Immigration detention is increasingly used worldwide to sort, contain, identify, and expel unauthorised and undesiderable non-nationals from state territory. In spite of the concerns raised around this practice, little research has been developed inside these sites, primarily because of the difficulties in gaining research access to them. In particular, we know very little about women's experiences of confinement and their views on detention.
To close this gap, and integrate a gender perspective in the analysis of immigration detention, this project looks at detained women’s lived experiences analysing them in light of a feminist intersectional framework that acknowledges the interplay between gender, race, sexuality, nationality, and other structural determinants that shape women’s experiences in context. In doing so, it also focuses on and problematises the notion of women’s ‘vulnerability’ as framed and operationalised in much detention policy and practice.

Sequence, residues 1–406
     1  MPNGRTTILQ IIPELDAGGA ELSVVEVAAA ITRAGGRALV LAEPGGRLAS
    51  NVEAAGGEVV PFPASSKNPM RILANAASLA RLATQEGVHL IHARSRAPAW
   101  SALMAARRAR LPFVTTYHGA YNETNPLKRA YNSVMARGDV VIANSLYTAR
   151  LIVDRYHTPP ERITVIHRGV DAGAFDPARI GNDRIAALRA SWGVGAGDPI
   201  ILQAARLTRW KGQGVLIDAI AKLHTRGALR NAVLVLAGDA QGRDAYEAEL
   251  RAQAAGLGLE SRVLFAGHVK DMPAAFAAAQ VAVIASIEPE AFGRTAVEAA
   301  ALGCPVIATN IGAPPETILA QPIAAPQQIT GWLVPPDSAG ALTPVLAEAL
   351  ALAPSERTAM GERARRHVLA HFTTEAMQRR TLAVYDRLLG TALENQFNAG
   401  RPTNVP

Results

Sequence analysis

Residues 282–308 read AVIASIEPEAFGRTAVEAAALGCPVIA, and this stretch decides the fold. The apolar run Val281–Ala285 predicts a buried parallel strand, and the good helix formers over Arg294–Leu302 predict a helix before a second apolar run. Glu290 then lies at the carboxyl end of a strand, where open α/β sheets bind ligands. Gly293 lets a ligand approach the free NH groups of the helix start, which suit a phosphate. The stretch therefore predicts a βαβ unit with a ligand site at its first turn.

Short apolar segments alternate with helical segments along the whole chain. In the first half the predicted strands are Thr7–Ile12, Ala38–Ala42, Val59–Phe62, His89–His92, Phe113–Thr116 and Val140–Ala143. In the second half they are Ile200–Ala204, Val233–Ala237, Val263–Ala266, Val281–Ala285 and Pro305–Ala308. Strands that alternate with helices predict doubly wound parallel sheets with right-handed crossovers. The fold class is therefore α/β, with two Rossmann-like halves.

The main research questions are: How do immigration detention centres and people working inside them conceptualise women and with what effect on them? And, how do women make sense of their experiences inside these institutions and understand their main challenges? These questions will be explored through a unique comparative case study of the UK, Italy, and Portugal. The ultimate goals of this crosscultural project are i) to help fill a gap in the scientific literature, and ii) to provide resources for the development of policies and practices concerned with the dignity and rights of women detainees, and, above all, with women’s views on detention.